Shear Perfection

Trimmers are known by all sorts of names–line trimmers, weed eaters, weed whackers, weed whips, whipper snippers and garden trimmers. Whatever you call them, you will need the right one for the job at hand. Choosing an appropriate string trimmer depends on the amount of property you intend to trim and maintain. If there are only a few sidewalks and flower beds, a residential trimmer may be suitable since they are meant for light duty and infrequent use.

On the other hand, if you have several driveways, sidewalks, fence posts, trees, shrubs and flower beds, a commercial trimmer is probably a better fit. Commercial trimmers are manufactured to higher specifications and better technology to withstand constant use; they feature solid-steel straight shafts and well-balanced crankshafts in the engines, which help to reduce vibrations as well as operator fatigue. In addition, commercial trimmers have more power, and are much more durable than their residential counterparts.

As with mowers, there are different options to choose from, depending on your needs.

Engine Types

Most string trimmers have what is known as a two-cycle engine, which means you need to mix gasoline with some type of oil. This is needed because, unlike your car, it does not have an oil reservoir, so the oil needs to be mixed with the gasoline to lubricate the engine. (Two-cycle engines also make trimmers weigh less.)

Some manufacturers have begun to experiment with four-cycle engines because they claim emissions are reduced by up to 70 percent; however, the machine is slightly heavier.

Shafts And Heads

Most residential trimmers have a curved shaft that resembles a long spring running from the engine to the head. This type of shaft is less expensive to manufacture, but be aware it is not as durable as the straight shaft on a commercial trimmer, which is balanced for less vibration. The straight shaft also makes the trimmer longer than the residential, which helps with fatigue.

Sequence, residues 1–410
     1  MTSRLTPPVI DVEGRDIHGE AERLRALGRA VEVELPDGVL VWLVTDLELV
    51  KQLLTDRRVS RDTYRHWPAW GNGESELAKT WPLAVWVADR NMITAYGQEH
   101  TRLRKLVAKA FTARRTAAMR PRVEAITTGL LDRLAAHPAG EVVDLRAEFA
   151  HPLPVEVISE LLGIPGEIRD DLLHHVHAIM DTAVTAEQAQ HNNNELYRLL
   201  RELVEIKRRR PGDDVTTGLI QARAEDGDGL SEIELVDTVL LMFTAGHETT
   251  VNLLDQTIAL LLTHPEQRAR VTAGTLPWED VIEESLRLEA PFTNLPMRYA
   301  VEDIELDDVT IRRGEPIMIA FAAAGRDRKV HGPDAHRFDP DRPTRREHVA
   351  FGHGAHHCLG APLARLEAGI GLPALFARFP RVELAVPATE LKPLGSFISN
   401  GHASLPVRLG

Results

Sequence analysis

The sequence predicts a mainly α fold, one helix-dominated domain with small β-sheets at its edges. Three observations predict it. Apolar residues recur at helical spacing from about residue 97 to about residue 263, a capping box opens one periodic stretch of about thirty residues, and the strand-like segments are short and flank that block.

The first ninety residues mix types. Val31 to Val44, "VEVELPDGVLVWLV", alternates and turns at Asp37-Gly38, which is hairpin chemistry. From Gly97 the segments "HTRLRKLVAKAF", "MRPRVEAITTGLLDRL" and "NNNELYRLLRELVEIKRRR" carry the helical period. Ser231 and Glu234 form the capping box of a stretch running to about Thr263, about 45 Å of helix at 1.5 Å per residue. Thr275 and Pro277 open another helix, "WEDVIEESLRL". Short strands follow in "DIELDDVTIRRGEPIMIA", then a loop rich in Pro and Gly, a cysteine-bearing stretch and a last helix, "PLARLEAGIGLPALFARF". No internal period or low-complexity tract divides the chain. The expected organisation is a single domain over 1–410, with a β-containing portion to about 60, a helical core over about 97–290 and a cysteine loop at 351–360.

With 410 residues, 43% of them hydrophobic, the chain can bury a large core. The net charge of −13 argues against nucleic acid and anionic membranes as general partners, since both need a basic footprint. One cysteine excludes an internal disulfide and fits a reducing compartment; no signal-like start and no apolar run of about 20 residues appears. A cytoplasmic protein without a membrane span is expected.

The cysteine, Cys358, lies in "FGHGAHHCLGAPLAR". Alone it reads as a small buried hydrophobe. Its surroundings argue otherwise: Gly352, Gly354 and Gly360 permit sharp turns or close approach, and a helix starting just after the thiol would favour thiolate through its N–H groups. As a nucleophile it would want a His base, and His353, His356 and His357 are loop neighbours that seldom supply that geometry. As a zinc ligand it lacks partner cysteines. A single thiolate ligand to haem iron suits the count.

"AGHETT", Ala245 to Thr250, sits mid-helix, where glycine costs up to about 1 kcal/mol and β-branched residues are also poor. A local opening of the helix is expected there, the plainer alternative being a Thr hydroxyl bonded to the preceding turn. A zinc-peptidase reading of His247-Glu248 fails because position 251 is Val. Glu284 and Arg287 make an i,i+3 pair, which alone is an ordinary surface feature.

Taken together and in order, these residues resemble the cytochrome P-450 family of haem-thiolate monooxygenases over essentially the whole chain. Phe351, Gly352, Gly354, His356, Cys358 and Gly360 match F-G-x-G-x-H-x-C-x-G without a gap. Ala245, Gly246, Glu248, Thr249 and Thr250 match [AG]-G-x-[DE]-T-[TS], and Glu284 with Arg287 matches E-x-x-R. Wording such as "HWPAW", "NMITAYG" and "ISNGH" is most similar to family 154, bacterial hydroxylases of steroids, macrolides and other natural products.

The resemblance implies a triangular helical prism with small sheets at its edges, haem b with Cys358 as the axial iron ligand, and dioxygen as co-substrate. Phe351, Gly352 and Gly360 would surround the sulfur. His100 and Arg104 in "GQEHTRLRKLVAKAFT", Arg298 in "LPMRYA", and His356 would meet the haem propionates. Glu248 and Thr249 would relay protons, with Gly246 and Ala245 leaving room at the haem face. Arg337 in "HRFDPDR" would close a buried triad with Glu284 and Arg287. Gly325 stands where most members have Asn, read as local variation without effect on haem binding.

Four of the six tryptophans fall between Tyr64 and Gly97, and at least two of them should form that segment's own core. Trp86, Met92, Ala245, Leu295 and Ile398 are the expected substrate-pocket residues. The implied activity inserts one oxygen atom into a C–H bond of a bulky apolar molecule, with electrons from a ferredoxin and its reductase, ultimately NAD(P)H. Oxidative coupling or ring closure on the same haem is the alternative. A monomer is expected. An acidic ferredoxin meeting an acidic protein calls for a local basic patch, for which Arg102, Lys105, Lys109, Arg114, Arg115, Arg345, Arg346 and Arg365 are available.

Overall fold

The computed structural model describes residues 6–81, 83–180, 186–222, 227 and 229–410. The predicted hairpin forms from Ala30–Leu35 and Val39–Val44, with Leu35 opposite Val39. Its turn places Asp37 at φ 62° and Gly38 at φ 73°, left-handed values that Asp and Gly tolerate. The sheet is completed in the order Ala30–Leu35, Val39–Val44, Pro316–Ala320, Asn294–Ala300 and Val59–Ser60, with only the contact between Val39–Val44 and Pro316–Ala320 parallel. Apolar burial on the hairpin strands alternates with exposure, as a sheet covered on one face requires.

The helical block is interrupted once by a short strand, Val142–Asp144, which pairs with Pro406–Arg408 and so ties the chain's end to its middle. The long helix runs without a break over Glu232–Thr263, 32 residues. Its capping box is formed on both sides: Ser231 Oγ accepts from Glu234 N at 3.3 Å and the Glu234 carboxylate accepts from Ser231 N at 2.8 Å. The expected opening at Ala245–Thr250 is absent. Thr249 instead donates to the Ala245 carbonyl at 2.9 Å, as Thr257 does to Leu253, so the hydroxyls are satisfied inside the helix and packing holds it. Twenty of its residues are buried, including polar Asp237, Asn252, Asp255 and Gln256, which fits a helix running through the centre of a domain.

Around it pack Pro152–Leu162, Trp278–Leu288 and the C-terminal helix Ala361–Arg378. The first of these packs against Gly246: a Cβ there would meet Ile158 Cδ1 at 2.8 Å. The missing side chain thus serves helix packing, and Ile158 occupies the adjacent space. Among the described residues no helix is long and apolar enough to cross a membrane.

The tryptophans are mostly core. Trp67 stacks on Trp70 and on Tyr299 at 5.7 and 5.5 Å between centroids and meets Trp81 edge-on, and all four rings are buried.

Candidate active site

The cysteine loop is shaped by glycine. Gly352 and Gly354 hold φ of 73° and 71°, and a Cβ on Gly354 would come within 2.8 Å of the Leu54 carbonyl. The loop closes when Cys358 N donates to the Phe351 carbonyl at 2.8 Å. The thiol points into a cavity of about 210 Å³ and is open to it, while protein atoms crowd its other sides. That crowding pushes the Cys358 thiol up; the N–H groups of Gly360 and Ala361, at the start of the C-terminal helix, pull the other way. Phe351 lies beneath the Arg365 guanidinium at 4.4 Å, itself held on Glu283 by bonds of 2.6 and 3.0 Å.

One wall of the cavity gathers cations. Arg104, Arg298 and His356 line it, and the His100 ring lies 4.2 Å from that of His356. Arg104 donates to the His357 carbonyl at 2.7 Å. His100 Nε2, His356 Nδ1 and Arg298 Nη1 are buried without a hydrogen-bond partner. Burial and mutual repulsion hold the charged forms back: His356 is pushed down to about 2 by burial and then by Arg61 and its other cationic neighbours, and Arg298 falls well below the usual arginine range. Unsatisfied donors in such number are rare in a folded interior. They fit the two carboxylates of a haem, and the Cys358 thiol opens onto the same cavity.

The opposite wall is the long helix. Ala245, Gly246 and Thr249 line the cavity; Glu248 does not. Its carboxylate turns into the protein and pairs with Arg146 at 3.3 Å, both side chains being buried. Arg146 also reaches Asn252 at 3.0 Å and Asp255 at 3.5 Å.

While there are several heads to choose from, the bump-and-feed head is one of the most popular models. It is loaded with string, and when more is needed, bumping the head to the ground releases more string. Although it sounds simple, the string has a tendency to become tangled, and the friction sometimes causes it to melt, which makes for lost time trying to untangle or readjust.

Fixed-line heads also work well–just cut the string to predetermined lengths so they can be changed and affixed to the head.

Even a blade can be affixed to the trimmer–use a steel blade for cutting brush and a plastic blade for trimming grass and small, woody plants.

Decisions, Decisions

Look at your operation to determine what fits your needs. Prices vary, so budgets may ultimately dictate what is purchased. Be sure to take the time to shop around and, more importantly, talk to the operators since they are the employees who will be pushing the mower or carrying the trimmer. And if you can make them happy, the result will be well-maintained facilities.

Sean McHugh, CGCS, is director of Golf/Turf for Cleveland Metroparks. He can be reached via e-mail at

Page 2 of 2 | Previous page

Related posts:

  1. Gearing Up
  2. Save Green, Mow Clean
  3. Lastec Introduces Articulating Mower
  4. Know What A Utility Vehicle Can Do
  5. Incentive To Convert Mowers To Propane

Leave a Reply

Your email address will not be published. Required fields are marked *


HTML tags are not allowed.

  • Columns
  • Departments